More women have accused Dustin Hoffman of sexual misconduct in the 1970s and 1980s, stepping forward in two stories published one after the other Thursday by Variety and the Hollywood Reporter.
Also on Thursday, Hoffman's first accuser described how the Variety report came to be. In an essay for the Los Angeles Times, the accuser, Anna Graham Hunter, wrote about women coming forward to her and said that "the process of bringing sexual harassment stories to light is still a tedious mess."
The actor, now 80, had earlier issued a conditional apology to Hunter, saying that if he had put her in an uncomfortable situation, he was sorry. He said he didn't remember his interaction with her on the set of TV movie "Death of a Salesman," where she had worked as an intern.
Hoffman attorney Mark A. Neubauer of Carlton Fields Jorden Burt didn't immediately respond to an L.A. Times request on Friday for comment regarding the new allegations but told Variety that the women's stories were "defamatory falsehoods."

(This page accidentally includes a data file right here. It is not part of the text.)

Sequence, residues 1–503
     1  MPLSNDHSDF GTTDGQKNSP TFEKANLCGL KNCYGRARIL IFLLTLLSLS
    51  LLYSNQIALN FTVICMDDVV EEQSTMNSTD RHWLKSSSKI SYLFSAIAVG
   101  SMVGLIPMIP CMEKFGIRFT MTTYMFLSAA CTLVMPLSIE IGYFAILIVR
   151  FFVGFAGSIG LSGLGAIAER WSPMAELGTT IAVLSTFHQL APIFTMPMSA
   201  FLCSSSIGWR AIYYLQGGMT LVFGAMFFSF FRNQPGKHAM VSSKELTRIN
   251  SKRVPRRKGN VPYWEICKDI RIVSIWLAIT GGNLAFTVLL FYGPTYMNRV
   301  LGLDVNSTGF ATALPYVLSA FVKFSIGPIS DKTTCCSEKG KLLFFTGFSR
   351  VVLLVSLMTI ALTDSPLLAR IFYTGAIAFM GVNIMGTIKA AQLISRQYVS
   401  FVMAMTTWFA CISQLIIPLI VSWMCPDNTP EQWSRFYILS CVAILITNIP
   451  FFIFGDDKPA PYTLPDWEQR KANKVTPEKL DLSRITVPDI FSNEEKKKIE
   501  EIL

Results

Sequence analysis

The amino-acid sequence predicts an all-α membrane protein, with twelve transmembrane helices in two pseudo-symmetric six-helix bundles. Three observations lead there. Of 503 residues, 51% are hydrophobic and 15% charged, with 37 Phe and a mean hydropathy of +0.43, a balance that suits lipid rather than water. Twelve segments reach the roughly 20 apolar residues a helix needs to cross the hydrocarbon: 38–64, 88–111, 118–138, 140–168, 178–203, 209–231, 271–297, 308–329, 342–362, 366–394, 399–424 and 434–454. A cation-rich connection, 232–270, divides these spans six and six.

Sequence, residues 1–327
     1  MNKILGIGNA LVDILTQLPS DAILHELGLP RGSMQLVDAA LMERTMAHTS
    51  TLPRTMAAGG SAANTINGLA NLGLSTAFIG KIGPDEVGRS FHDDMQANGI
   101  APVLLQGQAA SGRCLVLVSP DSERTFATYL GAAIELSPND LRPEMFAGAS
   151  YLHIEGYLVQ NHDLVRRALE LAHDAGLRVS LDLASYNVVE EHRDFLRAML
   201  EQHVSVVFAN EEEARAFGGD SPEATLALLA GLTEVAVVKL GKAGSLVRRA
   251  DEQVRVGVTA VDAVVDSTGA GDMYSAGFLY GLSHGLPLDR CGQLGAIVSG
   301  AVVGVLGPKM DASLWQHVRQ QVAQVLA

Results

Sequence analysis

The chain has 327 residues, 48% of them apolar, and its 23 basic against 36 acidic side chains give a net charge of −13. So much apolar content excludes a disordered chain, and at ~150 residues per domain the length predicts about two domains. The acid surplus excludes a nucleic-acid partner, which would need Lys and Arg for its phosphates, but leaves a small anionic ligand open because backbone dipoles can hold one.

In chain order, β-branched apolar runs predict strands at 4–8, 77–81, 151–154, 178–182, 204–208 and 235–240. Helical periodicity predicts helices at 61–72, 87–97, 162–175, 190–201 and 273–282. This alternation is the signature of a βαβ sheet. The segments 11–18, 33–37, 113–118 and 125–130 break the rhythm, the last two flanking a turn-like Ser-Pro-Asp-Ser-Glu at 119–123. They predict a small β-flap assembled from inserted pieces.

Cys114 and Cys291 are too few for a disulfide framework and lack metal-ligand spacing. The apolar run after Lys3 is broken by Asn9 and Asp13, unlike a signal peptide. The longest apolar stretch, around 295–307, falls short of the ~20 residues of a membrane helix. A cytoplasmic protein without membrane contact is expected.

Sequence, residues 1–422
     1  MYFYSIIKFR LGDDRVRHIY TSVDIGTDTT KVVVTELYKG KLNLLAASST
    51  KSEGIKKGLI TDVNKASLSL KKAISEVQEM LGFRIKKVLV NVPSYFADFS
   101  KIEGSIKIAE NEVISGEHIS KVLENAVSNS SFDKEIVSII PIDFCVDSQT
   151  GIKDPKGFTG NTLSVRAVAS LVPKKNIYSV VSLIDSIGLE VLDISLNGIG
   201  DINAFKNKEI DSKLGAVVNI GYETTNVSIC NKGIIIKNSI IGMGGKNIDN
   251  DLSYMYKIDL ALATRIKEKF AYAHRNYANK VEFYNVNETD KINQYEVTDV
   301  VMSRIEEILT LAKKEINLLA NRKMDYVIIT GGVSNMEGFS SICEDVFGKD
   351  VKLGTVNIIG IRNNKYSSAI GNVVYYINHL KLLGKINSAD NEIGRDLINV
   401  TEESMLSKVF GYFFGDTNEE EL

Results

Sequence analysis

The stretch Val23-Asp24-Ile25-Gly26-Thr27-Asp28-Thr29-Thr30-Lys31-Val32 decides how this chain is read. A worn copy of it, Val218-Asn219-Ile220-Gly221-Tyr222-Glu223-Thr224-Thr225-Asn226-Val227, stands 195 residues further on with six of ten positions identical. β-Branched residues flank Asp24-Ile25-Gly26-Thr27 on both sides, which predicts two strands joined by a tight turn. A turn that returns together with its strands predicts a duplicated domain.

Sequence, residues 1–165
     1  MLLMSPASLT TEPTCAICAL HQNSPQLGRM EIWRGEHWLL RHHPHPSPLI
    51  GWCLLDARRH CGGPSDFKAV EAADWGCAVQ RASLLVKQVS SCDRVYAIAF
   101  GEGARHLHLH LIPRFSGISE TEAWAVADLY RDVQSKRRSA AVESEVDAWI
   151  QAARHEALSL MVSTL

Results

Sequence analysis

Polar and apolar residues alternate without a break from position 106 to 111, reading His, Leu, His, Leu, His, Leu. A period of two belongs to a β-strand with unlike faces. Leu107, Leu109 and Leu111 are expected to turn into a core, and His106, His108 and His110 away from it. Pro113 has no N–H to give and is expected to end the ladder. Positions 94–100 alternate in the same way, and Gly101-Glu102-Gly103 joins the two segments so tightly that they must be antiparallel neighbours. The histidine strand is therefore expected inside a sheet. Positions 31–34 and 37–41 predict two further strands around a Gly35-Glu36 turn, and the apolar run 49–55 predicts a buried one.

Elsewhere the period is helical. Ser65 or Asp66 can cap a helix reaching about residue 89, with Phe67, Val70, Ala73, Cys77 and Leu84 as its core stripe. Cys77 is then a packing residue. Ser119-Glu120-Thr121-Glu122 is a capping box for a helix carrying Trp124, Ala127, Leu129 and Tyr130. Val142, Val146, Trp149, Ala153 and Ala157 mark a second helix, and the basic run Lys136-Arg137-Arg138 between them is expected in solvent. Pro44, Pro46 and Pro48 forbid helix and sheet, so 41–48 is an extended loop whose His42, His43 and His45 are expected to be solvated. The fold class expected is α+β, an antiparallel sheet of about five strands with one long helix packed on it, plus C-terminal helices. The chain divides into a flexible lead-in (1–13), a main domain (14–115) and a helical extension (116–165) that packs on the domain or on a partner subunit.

The stories include playwright Cori Thomas' account to both outlets about an encounter in 1980 when she was 16. A friend of Hoffman's daughter Karina, Thomas alleged in both stories that found herself in the actor's hotel room after the three went out for dinner in Manhattan.
Thomas said she was originally to have been picked up at the restaurant by her mother, but after Karina went home to her mother (Hoffman and his wife had separated), the actor changed plans and convinced her to accompany him to his hotel room.
There, Thomas alleged to both outlets, Hoffman took a shower, came out in a towel, dropped it to reveal himself naked, got in bed and asked her to massage his feet.
She said she felt too intimidated to refuse him.
Video editor Melissa Kester also told Variety that Hoffmanmolested her during an "Ishtar" recording session in 1985, when she was 20. (The Los Angeles Times has not independently corroborated either Thomas' or Kester's account.)
Before Thursday, Hoffman described some of the allegations against him as taken out of context, explaining that on set the cast and crew are a sort of family and any bawdy behavior is intended to break the tension on long days of shooting. Earlier this month, at a Tribeca Film screening of "Wag the Dog," in a tense panel discussion of allegations that have been leveled against the actor by Hunter and Wendy Riss Gatsiounis, Hoffman accused panel host John Oliver of rushing to judgment.
"Because someone has alleged something, I'm guilty. You push a button. It's all over the world. I'm a predator. I'm this and that and it's not true," Hoffman told Oliver.